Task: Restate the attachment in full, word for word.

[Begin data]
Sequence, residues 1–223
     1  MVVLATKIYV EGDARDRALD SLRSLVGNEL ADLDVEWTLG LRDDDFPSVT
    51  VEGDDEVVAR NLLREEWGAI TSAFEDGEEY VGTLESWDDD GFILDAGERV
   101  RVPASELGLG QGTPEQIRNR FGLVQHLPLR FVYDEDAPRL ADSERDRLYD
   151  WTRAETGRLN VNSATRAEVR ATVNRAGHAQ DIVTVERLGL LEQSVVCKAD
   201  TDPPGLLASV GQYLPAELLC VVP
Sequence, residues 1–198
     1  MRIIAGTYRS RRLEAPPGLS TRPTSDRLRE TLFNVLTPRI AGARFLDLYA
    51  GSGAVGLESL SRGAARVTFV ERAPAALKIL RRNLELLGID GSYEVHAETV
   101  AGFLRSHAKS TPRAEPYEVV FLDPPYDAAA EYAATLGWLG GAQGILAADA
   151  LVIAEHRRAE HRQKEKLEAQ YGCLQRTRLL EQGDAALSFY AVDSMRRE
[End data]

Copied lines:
Sequence, residues 1–223
     1  MVVLATKIYV EGDARDRALD SLRSLVGNEL ADLDVEWTLG LRDDDFPSVT
    51  VEGDDEVVAR NLLREEWGAI TSAFEDGEEY VGTLESWDDD GFILDAGERV
   101  RVPASELGLG QGTPEQIRNR FGLVQHLPLR FVYDEDAPRL ADSERDRLYD
   151  WTRAETGRLN VNSATRAEVR ATVNRAGHAQ DIVTVERLGL LEQSVVCKAD
   201  TDPPGLLASV GQYLPAELLC VVP
Sequence, residues 1–198
     1  MRIIAGTYRS RRLEAPPGLS TRPTSDRLRE TLFNVLTPRI AGARFLDLYA
    51  GSGAVGLESL SRGAARVTFV ERAPAALKIL RRNLELLGID GSYEVHAETV
   101  AGFLRSHAKS TPRAEPYEVV FLDPPYDAAA EYAATLGWLG GAQGILAADA
   151  LVIAEHRRAE HRQKEKLEAQ YGCLQRTRLL EQGDAALSFY AVDSMRRE